Gabon has benefitted greatly from its considerable natural richesse, which has underwritten a strong macroeconomic performance over the past five years. Growth based on oil exports has allowed the government to embark on infrastructure development, which, if successfully executed, could make the country more competitive and less exposed to exogenous risks. However, the continued dependence on oil has left the country vulnerable to external shocks, and the low-price environment of 2014 and 2015 will likely cause complications for the next two to three years, as the authorities grapple with lower budgets and greater debt challenges. Although this has forced the country to maintain a tenuous balance, requiring it to accommodate an infrastructure and social development plan under higher budget pressures, it is also an opportunity to streamline the economy.
Budget constraints are pushing the Gabonese government to improve allocation of resources. Authorities are engaged in a major reform to change budgetary procedures by increasing the level of planning and closely linking expenditure to goals and objectives. Serge Dadja Tabo, country director of KPMG Gabon, told OBG, “The Gabonese government launched an audit in 2014 to isolate bad expenses and over-billings. The government wants to send a message that they are dedicated to allocating money more efficiently.”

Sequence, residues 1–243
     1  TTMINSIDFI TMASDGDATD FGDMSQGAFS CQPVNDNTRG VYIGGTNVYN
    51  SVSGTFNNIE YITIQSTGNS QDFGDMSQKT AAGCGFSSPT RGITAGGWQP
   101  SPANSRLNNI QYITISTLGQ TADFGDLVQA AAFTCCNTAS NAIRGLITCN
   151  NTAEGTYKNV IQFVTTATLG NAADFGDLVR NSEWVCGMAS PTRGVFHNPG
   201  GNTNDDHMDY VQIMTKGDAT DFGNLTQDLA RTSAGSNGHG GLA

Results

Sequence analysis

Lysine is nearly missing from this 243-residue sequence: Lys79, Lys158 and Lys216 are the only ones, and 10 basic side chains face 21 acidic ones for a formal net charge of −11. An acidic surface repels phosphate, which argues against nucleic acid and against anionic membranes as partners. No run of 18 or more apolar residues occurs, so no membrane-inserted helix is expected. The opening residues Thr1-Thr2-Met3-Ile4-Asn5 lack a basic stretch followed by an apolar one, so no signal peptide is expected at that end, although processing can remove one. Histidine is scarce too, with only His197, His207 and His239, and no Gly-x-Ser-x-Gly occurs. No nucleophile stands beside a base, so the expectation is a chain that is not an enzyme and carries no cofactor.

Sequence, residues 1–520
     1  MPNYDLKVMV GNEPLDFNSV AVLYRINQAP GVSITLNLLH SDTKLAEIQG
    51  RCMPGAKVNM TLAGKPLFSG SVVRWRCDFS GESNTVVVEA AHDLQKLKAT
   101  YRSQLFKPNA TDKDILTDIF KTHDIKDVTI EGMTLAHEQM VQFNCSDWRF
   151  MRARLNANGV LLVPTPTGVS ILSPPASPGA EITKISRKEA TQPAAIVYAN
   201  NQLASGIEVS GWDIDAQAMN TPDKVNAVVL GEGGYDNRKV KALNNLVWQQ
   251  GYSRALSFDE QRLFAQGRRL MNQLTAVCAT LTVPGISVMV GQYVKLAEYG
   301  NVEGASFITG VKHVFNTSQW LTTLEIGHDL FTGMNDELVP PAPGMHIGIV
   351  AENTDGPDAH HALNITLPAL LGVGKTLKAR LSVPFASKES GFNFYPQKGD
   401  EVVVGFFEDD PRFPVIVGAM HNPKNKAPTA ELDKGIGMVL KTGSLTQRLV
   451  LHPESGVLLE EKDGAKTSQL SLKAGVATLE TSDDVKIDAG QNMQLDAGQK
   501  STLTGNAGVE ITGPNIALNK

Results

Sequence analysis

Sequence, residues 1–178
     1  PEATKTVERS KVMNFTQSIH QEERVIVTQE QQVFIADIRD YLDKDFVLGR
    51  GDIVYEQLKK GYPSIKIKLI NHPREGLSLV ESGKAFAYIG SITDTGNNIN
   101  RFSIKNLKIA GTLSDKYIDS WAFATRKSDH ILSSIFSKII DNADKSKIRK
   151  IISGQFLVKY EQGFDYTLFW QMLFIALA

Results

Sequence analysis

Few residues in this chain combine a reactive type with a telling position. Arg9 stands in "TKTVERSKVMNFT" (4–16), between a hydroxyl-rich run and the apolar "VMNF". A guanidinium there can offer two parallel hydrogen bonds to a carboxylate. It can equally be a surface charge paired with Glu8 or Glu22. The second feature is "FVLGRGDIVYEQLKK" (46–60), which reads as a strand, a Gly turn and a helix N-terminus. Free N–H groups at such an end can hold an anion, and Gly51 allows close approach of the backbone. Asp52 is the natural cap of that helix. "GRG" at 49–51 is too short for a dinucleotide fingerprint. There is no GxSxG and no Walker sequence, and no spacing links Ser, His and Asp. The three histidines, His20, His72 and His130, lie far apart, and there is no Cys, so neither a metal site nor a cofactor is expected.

More closely programmed budget expenditure might help to improve monitoring of the state’s expenses, which remains undermined by weak statistics. Boosting the country’s private sector will also be crucial to inclusive growth. Heavy reliance on public spending to act as an engine of growth has meant that when the state’s investment capacity is reduced, the effects are visible in the general economy quite rapidly. Overall, the economy has strong fundamentals to endure the current oil price shock, but the government needs to move fast to make the changes necessary to support private sector growth and investment in the longer term.